BNA Estate Planner, V. 2005.2: Integrated calculation of estate taxes and planning techniques. BNA -- demo available.

Intuitive Estate Planner (IEP), V. 9.0a: Donald H. Kelley and Konrad Schmidt, III: Integrated calculation of estate taxes and planning techniques. Thomson/West -- online demo available.

ViewPlan, V. 4.6.0: Integrated calculation of estate taxes and planning techniques. CCH -- demo available.

zCalc, V. 9.0: Gross value calculation of estate taxes and standalone calculation of various planning techniques. Fast-Tax -- on site demo, 30 day trial available.

The basic state estate tax and inheritance tax calculation features of these programs may be summarized as follows:

BNA IEP ViewPlan zCalc
Rates / Exemptions default default and manual entry (1) default and manual entry (2) default
Circularity as default only default and as selected default and as selected as default only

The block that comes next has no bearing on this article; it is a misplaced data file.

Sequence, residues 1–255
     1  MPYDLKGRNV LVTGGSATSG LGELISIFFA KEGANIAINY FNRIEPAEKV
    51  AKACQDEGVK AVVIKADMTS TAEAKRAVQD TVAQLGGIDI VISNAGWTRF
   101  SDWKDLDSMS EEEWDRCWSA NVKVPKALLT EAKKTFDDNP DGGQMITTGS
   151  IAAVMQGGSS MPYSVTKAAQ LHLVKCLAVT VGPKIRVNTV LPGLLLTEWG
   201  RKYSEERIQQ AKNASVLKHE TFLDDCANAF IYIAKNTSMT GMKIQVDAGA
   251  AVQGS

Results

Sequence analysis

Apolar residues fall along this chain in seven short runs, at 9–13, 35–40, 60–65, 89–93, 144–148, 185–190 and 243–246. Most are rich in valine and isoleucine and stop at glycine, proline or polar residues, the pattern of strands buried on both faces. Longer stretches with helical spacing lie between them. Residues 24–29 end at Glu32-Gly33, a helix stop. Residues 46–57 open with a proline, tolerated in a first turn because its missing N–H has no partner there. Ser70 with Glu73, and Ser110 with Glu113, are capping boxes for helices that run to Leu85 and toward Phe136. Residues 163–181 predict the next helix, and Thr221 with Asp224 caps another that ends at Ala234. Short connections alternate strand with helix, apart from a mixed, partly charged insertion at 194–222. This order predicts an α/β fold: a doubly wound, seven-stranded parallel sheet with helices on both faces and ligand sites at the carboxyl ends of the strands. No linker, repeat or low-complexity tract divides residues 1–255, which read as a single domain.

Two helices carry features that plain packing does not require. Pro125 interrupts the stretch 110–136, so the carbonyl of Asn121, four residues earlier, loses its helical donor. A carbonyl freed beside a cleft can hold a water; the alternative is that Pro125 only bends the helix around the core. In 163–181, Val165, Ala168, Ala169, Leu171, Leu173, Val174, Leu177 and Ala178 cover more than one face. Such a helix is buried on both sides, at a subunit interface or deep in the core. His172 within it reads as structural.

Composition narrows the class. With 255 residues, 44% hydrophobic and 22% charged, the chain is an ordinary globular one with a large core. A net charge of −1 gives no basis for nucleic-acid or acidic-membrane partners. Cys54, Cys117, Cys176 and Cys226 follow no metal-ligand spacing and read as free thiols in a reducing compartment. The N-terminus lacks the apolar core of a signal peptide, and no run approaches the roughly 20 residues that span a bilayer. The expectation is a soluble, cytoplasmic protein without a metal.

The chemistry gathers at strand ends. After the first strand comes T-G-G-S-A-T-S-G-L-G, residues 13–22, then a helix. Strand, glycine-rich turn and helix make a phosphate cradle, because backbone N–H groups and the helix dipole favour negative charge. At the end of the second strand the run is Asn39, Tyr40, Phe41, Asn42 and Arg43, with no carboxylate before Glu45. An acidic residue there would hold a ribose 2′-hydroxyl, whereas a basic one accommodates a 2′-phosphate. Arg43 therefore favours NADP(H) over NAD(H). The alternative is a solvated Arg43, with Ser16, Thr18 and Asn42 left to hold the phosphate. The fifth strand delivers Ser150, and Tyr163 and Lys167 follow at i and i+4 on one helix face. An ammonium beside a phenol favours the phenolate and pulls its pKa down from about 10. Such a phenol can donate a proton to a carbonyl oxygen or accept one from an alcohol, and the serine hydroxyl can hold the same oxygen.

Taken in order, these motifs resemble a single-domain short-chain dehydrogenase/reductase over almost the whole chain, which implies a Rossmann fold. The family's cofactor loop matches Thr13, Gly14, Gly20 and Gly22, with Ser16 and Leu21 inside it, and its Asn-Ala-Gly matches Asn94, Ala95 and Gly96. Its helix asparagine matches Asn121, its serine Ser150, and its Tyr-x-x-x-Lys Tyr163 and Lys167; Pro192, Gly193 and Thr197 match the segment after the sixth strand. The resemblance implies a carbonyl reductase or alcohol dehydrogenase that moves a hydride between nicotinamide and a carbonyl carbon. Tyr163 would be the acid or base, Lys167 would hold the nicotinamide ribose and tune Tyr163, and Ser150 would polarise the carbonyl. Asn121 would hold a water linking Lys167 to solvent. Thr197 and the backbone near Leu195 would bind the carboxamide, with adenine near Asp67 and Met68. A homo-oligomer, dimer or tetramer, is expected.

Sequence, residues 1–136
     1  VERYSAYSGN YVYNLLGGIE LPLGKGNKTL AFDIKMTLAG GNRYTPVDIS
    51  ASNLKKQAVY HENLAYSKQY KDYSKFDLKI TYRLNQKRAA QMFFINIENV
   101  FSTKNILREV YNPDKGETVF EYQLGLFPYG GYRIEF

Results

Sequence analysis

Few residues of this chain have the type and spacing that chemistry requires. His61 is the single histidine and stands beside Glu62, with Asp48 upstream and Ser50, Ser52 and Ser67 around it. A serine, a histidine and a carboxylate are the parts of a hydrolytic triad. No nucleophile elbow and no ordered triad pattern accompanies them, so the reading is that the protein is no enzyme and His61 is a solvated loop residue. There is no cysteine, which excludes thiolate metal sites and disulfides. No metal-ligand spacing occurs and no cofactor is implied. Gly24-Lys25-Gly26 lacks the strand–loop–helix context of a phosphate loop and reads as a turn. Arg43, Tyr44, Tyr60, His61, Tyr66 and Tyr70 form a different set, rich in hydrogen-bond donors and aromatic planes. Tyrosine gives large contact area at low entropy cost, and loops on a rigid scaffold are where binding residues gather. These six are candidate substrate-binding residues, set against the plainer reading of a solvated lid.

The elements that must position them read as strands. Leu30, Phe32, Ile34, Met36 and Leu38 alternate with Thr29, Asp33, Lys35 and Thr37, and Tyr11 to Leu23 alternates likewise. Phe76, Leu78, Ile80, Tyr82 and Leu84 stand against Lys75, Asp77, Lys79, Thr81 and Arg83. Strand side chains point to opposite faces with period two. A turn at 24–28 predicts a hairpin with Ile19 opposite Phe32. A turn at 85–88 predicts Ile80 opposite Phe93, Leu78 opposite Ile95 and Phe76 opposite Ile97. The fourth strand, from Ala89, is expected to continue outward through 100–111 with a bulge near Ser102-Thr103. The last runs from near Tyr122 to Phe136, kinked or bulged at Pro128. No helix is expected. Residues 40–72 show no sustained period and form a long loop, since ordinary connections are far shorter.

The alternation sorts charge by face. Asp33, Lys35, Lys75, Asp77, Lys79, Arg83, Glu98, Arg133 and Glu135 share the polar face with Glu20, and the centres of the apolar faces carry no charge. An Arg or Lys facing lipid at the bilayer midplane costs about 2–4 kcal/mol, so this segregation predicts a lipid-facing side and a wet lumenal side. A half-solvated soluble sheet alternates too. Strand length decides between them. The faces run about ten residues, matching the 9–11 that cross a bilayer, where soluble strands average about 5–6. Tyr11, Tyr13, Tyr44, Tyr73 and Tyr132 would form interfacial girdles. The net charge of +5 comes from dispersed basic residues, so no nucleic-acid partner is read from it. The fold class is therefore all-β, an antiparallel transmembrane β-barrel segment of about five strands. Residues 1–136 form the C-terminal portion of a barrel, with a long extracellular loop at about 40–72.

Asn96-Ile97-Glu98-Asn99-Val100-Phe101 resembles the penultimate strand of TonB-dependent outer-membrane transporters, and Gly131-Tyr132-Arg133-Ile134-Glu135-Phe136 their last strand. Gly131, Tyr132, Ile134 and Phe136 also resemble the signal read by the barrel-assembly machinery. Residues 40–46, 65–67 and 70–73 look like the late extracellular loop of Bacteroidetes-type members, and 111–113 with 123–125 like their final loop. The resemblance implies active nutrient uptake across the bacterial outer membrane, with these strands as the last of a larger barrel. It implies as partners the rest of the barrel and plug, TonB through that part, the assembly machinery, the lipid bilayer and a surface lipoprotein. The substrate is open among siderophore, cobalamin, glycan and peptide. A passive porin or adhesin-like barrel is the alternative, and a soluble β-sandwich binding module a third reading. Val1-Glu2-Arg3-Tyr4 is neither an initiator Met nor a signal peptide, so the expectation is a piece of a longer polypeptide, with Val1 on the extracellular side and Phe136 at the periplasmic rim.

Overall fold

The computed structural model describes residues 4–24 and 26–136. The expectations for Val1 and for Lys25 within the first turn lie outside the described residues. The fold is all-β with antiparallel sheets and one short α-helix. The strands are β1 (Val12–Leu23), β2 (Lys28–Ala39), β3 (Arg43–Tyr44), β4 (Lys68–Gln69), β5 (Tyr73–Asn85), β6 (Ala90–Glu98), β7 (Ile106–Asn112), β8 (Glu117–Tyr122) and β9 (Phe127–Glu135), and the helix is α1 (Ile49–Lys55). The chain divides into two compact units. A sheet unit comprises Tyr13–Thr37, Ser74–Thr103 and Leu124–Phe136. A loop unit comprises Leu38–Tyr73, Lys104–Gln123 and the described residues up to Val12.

Tax type Est/Inh or both Est/Inh or both Est/Inh or both Est and Inh
Identify beneficiary (bfy) select class named bfys named bfys no
Inheritance (Inh) tax class enter $ or percent to class enter $, percent or specific asset to bfy enter percent only to bfy
State QTIP enter amount select QTIP or not no no
Adjustments as entered as entered no no
Deduction of federal estate (Est) tax default and manual selection default no no
Interstate Allocation no yes(1) no no

(1) Allows selection of tax computation and interstate allocation attributes, manual entry of threshold amount for estate tax and manual entry of inheritance tax rates
(2) Allows manual entry of both rates and exemptions for estate tax to override defaults

There also are some noteworthy online resources:

Illinois furnishes the 2005 Decedents Estate Tax Calculator that performs the circular calculation of state estate tax, with deduction of the state estate tax from the state tax base, and that generates an audit trail of this calculation.